Ep 49 – Heat exhaustion and heatstroke
Posted 15 Jul 2022
Heat-related illnesses are increasing as a result of climate change. In this episode, Dr Roger Henderson looks at various aspects of heat exhaustion and heatstroke, including why they are different conditions and how to recognise them. He also talks about how they are treated and when hospital admission should be considered.
Key references discussed in the episode:
- BMJ Best Practice. Heat stroke in adults. 13 April 2022.
- Walter E and Steel K. Br J Gen Pract. 2018 Mar;68(668):153-154. doi: 10.3399/bjgp18X695273.
- Lipman GS, et al. Wilderness Environ Med. 2019 Dec;30(4S):S33-S46. doi: 10.1016/j.wem.2018.10.004.
- Gauer R and Meyers BK. Am Fam Physician. 2019 Apr 15;99(8):482-489.
Key take-home points:
- Heat exhaustion is the milder form of heat illness, is typically self-limiting and does not usually require hospital treatment. The core temperature is normal or slightly elevated – 37°C to 39°C – compared with over 40°C in heatstroke.
- Heat exhaustion symptoms include cool skin, intense thirst, heavy sweating, feeling faint or dizzy, cramps and tiredness. Mental dysfunction is absent. Symptoms are generally the same in adults and children, although children can also become sleepy and floppy.
- Heat exhaustion may progress to heatstroke, but heatstroke can also occur without heat exhaustion happening beforehand.
- Wetting the skin and clothes with cool water and fanning the skin can aid in dissipating heat and may avert the onset of heatstroke.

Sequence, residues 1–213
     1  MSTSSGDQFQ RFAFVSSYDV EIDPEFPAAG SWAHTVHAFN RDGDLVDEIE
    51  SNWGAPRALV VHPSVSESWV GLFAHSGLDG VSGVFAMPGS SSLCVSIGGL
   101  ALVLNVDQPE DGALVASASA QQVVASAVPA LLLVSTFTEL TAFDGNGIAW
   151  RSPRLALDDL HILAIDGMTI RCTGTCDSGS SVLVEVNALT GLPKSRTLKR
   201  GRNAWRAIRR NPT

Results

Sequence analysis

- Classic heatstroke is due to passive exposure to severe environmental heat.
- Exertional heatstroke is due to strenuous physical exercise, particularly in younger adults, athletes and people who exert themselves in the heat.
- The pathophysiology of heatstroke is complex. It includes the release of endotoxins and protein denaturation along with thermoregulatory failure. This can contribute to a systemic inflammatory response syndrome leading to multi-organ failure and death.
- Heatstroke symptoms include a history of exposure to severe environmental heat or strenuous physical exercise, central nervous system dysfunction, hyperthermia (>40°C), and dry, hot skin.
- If heatstroke is suspected, call for immediate transport to hospital as it is a medical emergency requiring urgent treatment.
- We should inform any patients at risk of heatstroke or heat exhaustion about the dangers of heat illness and of its symptoms.
- This should include advising people who exercise or exert themselves to avoid high-exertion activities when exposed to heat or hot areas. They should also acclimatise with 1–2 hours per day of heat-exposed exertion for at least 8 days.